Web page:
House Republicans said Thursday they will adopt a unilateral, one-year ban on funding requests for all member projects, or earmarks. House Democrats put forward a partial ban the day before.
Call it the great earmark race.
Since Democrats took back control of the House in 2007, March has been the season for members in both parties to rush to complete paperwork for the next fiscal year’s earmarks, or member projects, for their districts.
But this year, both parties are competing to distance themselves from a practice dubbed “the gateway drug to corruption” or spending addiction.
On Wednesday, top Democrats on the House Appropriations Committee announced a ban on corporate earmarks. The move, backed by Speaker Nancy Pelosi, bans provisions that direct spending to for-profit entities, especially those dealing with the Pentagon.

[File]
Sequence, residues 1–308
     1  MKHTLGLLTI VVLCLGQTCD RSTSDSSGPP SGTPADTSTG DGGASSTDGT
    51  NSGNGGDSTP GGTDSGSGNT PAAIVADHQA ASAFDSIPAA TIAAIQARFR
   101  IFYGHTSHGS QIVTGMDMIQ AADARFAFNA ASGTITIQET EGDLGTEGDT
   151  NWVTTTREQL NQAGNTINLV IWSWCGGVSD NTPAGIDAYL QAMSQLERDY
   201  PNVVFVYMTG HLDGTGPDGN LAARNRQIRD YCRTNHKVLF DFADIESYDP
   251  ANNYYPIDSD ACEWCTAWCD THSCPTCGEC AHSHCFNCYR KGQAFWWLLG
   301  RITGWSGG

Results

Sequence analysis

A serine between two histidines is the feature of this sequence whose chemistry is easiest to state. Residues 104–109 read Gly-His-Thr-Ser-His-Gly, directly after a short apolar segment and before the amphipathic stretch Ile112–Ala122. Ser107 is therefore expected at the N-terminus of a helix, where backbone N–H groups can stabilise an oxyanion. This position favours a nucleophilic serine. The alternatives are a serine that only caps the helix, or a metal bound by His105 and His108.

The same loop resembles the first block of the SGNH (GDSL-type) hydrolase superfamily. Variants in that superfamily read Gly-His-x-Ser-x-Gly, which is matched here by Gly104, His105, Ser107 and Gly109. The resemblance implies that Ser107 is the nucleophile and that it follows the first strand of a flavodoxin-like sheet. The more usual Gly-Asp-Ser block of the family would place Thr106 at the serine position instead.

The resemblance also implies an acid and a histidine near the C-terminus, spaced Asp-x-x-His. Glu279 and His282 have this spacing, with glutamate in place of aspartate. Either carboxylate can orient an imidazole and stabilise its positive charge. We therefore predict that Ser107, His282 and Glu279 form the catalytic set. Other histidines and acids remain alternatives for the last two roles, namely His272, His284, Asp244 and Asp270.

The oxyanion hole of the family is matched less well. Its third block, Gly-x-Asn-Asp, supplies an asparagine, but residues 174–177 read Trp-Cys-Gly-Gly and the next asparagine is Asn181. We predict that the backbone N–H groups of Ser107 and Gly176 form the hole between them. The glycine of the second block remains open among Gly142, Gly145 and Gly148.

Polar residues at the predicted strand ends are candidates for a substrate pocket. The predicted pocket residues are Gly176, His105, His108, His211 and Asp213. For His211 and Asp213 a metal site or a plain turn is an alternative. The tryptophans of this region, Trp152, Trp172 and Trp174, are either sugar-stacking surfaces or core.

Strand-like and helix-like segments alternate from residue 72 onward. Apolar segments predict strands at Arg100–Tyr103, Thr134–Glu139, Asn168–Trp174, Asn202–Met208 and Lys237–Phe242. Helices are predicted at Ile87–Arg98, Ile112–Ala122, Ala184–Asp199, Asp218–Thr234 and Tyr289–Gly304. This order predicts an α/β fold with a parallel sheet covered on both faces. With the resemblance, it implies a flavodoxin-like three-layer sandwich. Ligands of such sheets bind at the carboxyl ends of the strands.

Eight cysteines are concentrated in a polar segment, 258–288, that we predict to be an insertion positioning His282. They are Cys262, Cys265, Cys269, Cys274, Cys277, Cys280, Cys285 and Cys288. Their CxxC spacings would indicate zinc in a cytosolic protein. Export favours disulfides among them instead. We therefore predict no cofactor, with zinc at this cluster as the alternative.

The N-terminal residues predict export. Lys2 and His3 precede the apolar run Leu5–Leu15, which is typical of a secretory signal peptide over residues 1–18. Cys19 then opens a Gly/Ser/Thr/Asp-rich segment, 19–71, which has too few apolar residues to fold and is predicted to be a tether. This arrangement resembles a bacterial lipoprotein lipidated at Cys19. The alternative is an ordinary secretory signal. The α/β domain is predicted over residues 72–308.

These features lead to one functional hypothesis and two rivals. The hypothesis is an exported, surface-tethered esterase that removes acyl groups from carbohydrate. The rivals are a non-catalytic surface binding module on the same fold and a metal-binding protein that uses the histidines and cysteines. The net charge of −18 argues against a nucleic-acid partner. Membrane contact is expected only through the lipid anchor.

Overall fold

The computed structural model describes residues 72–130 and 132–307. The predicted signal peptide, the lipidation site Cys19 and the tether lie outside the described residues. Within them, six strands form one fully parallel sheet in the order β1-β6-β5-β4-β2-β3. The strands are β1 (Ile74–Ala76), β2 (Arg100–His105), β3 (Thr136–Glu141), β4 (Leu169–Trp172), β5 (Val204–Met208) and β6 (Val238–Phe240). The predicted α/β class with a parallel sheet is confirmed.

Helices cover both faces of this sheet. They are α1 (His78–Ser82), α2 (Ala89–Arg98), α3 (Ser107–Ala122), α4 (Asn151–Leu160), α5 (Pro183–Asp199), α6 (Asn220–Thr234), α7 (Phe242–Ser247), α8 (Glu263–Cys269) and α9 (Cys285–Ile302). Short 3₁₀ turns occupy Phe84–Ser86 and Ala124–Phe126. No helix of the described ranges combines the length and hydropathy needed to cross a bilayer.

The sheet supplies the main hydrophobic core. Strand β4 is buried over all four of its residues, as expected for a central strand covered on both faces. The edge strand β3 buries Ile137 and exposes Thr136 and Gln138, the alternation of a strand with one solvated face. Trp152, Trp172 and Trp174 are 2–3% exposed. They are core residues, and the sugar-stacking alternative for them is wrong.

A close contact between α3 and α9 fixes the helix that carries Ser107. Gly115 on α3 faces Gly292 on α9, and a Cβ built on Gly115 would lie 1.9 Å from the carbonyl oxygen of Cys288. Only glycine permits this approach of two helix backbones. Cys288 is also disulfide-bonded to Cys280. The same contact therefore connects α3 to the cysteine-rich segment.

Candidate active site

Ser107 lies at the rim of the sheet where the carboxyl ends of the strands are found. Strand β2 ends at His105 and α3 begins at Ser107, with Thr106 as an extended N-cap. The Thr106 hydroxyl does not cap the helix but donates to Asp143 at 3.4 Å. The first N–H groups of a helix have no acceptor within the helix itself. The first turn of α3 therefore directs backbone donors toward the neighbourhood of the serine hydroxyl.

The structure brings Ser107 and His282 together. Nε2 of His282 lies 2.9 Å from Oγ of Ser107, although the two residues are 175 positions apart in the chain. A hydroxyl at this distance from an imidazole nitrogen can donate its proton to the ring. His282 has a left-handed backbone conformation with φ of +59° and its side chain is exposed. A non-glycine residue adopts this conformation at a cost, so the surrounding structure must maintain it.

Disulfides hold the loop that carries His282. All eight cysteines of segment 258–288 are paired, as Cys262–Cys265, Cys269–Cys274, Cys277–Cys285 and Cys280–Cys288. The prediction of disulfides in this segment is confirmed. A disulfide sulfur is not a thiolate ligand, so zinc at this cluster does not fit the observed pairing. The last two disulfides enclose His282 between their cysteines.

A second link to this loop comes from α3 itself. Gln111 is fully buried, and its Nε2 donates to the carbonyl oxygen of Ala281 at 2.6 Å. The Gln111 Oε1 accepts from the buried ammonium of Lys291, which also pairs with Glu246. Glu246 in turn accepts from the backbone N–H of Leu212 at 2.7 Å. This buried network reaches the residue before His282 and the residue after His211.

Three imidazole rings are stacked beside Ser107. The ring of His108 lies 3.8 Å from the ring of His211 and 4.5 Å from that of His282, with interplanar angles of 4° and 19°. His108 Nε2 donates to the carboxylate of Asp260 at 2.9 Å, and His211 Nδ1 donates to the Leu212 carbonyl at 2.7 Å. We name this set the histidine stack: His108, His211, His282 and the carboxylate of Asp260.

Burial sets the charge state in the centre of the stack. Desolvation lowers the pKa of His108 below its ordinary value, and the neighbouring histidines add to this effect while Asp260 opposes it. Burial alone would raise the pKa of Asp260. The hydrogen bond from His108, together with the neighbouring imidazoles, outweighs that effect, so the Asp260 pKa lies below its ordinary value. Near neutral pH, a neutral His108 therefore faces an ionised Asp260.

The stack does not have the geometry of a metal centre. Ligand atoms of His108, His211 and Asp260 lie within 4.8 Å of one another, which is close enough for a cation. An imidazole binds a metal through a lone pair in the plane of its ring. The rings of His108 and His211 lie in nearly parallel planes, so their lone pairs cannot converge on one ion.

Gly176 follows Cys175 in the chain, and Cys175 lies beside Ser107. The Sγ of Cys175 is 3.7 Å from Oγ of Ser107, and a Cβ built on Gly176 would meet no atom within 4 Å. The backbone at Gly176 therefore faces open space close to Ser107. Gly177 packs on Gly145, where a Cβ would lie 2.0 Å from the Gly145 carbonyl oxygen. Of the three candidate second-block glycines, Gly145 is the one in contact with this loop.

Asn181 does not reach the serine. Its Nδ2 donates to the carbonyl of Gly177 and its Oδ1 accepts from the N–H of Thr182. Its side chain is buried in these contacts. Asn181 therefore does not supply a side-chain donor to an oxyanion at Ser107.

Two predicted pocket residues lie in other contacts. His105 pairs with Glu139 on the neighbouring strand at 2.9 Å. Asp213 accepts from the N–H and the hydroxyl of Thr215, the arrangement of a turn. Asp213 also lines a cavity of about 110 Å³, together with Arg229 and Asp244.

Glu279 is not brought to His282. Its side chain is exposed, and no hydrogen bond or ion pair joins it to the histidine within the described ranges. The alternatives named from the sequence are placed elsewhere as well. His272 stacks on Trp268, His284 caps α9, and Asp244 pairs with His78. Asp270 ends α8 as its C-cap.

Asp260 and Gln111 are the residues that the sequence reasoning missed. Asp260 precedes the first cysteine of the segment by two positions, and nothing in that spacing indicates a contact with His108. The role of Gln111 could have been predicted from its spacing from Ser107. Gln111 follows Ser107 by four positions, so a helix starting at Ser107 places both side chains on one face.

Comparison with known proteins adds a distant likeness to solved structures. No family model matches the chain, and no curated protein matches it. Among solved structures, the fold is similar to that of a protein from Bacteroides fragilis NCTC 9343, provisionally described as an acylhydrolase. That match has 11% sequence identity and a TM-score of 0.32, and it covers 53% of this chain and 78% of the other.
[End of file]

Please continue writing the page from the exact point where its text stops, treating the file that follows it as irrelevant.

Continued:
In a bid to trump that move, House Republicans on Thursday announced a unilateral, one-year ban on all earmarks. “The American people see this earmark process as an example of a broken Washington,” said Republican leader John Boehner, after a caucus meeting on Thursday.
“We’re not going to get to a cleaned-up process until we break from the past, and I do believe that this earmark ban that our members agreed to today is a big step in the right direction,” he added.
The decision came after a spirited, closed debate in the Republican caucus. Some members argued strongly that members' projects are part of Congress’s constitutional responsibility under Article I, and that leaving decisions on all spending within a member’s district to federal bureaucrats is an abrogation of that responsibility.